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>Marcelo in the Real World

June 30, 2010


I read such a good review of Francisco Stork’s novel Marcelo in the Real World at Jenny’s Books back in March that I knew I had to read it, so when I found it at the library, I pounced on it and finished it before the day was out. I thought it was a charming little novel and a quick read for a summer’s day. It was refreshing, like a popsicle.

It seems like everyone has been reviewing this novel lately, and I don’t have a lot to add except that for me, the charms outweighed most of the problems that have been pointed out, like that the villain is two-dimensional. I think because Marcelo–who describes himself as “on the high-functioning end of the autism spectrum”–isn’t as interested in other people as many are, some of his attitude rubs off as the novel goes on. And it seems to me that sometimes simplifying an issue for someone gives you a better understanding of it, like when one of Marcelo’s adult friends answers his question about how people can use sex to hurt each other:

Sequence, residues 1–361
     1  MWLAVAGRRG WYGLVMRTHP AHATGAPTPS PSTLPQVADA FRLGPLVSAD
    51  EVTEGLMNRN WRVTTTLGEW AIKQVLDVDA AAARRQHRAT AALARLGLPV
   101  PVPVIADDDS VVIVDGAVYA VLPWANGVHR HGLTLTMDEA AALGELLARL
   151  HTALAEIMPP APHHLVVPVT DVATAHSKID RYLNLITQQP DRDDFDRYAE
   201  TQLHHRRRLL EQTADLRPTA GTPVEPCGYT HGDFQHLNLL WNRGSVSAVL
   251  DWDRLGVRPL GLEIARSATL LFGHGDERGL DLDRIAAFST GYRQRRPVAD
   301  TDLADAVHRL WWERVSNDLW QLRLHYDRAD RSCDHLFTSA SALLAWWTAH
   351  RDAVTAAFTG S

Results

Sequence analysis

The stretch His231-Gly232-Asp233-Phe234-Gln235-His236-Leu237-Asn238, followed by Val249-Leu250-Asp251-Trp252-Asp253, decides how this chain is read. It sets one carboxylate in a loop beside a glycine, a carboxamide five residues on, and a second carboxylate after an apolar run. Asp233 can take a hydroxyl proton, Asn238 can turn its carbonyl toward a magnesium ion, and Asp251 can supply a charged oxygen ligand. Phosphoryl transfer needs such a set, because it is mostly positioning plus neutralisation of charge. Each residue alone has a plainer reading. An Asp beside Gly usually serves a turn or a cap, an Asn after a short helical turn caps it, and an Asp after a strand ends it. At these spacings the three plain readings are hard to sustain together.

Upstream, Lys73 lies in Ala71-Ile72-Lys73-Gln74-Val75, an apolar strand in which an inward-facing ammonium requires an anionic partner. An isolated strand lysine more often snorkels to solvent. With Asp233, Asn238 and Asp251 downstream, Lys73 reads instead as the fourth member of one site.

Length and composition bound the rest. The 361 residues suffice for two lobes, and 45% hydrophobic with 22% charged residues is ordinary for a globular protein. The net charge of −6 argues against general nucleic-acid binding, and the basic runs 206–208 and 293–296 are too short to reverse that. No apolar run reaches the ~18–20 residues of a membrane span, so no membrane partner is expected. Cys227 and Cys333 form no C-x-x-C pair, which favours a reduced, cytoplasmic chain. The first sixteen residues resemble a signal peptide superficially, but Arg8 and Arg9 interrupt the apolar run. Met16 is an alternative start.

The ways we use sex to hurt each other are innumerable and unspeakable. Anytime we treat a person as a thing for our own pleasure. When we look at another person as an object and not as a person like us. When sex consists solely of taking and not giving. When a person uses physical or psychological force to have sex against another person’s will. When a person deceives another in order to have sex with them. When a person uses sex to physically or emotionally hurt another. Any time an adult has sex with a child. Those are some of the ways sex becomes evil.”

The same kind of simplifying works for me again when Marcelo discusses ethical issues with the girl whose suffering has made him aware that there are such issues:
“It cannot be that this is the first time I realized this, but it is. We all have ugly parts. I think of the time in the cafeteria when Jasmine asked me what the girl in the picture was asking me. How do we live with all the suffering? We see our ugly parts, and then we are able to forgive, love kindness, walk humbly.”

I like the way that, by the end of his story, Marcelo finds a way to live without either ignoring other peoples’ pain or being overwhelmed by it.

Reading something this straightforward or doing something simple is a good way for me to see the world differently. A long-standing joke among my friends is that while we all do sedentary, intellectual work for a living, we dig ditches for fun–we go to the beach and build sand castles. We’re serious sand castle builders, as you can see from my photos (above).